COLD SPRING HARBOR, N.Y. (Mon., Dec. 3, 2007) Two methods that permit scientists to examine critical stages in early embryogenesis are featured in this months release of Cold Spring Harbor Protocols. The methods, which are freely accessible online (www.cshprotocols.org), describe how to fluorescently tag cells in very young embryos. These cell-tagging techniques, combined with sophisticated imaging methods, permit scientists to visualize even subtle movements of individual cells in the embryos, as they morph, divide, and migrate.
The first protocol, available at www.cshprotocols.org/cgi/content/full/2007/24/pdb.prot4915, describes a step-by-step approach to label specific cells of live mouse embryos using fluorescent dyes called carbocyanine dyes. Carbocyanine dyes are ideal for this purpose because they can be used on living embryos. After labeling, the embryos are imaged to reveal the precisely coordinated patterns of cell movements as the embryo develops.
The protocol was contributed by Dr. Patrick Tams group from the University of Sydney, Australia (www.medfac.usyd.edu.au/people/academics/profiles/ppltam.php). His lab uses these techniques to investigate the timing and patterning of cell movements during gastrulation, which is a critical stage in early embryonic development. Also, by performing this procedure in embryos that are both normal and genetically mutated, they can better understand the functions of specific genes involved in gastrulation.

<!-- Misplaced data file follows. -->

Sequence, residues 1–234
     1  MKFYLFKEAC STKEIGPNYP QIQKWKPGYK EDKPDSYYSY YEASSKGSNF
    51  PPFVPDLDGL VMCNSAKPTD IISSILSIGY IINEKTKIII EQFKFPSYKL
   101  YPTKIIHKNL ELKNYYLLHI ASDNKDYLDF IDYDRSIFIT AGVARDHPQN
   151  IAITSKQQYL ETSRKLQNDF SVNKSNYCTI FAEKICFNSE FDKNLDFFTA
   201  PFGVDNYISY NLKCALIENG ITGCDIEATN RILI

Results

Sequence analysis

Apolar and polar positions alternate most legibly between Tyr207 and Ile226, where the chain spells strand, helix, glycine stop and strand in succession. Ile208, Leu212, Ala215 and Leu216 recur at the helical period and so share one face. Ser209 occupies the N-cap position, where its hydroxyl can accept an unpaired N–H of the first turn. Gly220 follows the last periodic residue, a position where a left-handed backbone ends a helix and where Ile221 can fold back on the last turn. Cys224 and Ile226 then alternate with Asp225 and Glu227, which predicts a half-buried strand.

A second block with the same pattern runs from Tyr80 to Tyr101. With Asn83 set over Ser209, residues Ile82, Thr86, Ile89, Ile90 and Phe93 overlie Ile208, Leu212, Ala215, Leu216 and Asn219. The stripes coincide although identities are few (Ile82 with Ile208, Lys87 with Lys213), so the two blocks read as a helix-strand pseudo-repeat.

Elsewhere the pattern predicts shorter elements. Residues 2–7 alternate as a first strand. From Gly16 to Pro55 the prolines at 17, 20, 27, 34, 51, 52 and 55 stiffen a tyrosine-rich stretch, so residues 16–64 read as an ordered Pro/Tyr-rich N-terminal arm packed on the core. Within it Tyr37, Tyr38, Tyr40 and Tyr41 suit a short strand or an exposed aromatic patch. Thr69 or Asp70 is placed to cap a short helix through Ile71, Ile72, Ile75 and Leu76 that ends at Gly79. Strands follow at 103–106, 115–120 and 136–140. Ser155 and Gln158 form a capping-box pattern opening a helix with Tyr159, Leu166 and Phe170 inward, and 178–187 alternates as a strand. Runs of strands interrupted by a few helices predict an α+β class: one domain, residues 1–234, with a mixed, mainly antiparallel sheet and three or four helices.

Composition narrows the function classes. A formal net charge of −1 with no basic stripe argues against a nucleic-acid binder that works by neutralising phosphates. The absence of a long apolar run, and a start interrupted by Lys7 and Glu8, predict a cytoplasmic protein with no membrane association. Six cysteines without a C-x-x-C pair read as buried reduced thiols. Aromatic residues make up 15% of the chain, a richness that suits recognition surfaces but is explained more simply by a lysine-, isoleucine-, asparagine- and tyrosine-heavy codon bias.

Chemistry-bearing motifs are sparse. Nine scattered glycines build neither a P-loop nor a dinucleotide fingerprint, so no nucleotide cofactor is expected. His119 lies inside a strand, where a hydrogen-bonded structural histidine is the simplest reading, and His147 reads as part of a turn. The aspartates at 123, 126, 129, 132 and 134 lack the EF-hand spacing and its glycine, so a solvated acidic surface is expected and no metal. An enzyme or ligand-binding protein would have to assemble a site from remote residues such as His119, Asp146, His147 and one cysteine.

The second featured protocol is from Dr. Rusty Lansfords lab at Caltech (quad.bic.caltech.edu/~fraserlab/people/lansford/). It describes how to insert a DNA vector into very young bird (quail and chicken) embryos using a method called electroporation. The DNA vector contains a gene of interest attached to a fluorescent marker, which allows the researchers to track the fluorescently labeled cells using imaging techniques. Lansfords group uses this method to investigate mechanisms of brain and heart development in birds.
In Lansfords protocol, the DNA is electroporated into shell-less bird eggs. There are several advantages to using shell-less eggs: each embryo can be more accurately positioned during electroporation, and the researchers can ensure that all embryos used in the experiment are at the same stage in development. The protocol is freely available here: www.cshprotocols.org/cgi/content/full/2007/24/pdb.prot4894.
|Contact: Maria Smit|
Cold Spring Harbor Laboratory